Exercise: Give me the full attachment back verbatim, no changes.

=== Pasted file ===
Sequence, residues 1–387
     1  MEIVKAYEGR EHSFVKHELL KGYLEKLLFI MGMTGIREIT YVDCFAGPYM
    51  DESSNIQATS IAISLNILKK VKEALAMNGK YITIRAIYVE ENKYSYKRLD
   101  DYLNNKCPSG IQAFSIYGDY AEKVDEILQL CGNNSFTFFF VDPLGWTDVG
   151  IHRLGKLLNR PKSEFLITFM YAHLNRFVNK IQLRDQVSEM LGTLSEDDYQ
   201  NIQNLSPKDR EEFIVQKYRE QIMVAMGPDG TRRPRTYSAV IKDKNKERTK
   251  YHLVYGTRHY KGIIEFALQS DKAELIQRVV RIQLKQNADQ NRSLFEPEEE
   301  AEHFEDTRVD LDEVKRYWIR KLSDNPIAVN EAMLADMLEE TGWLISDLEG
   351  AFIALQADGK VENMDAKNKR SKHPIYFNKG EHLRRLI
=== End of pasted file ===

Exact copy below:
Sequence, residues 1–387
     1  MEIVKAYEGR EHSFVKHELL KGYLEKLLFI MGMTGIREIT YVDCFAGPYM
    51  DESSNIQATS IAISLNILKK VKEALAMNGK YITIRAIYVE ENKYSYKRLD
   101  DYLNNKCPSG IQAFSIYGDY AEKVDEILQL CGNNSFTFFF VDPLGWTDVG
   151  IHRLGKLLNR PKSEFLITFM YAHLNRFVNK IQLRDQVSEM LGTLSEDDYQ
   201  NIQNLSPKDR EEFIVQKYRE QIMVAMGPDG TRRPRTYSAV IKDKNKERTK
   251  YHLVYGTRHY KGIIEFALQS DKAELIQRVV RIQLKQNADQ NRSLFEPEEE
   301  AEHFEDTRVD LDEVKRYWIR KLSDNPIAVN EAMLADMLEE TGWLISDLEG
   351  AFIALQADGK VENMDAKNKR SKHPIYFNKG EHLRRLI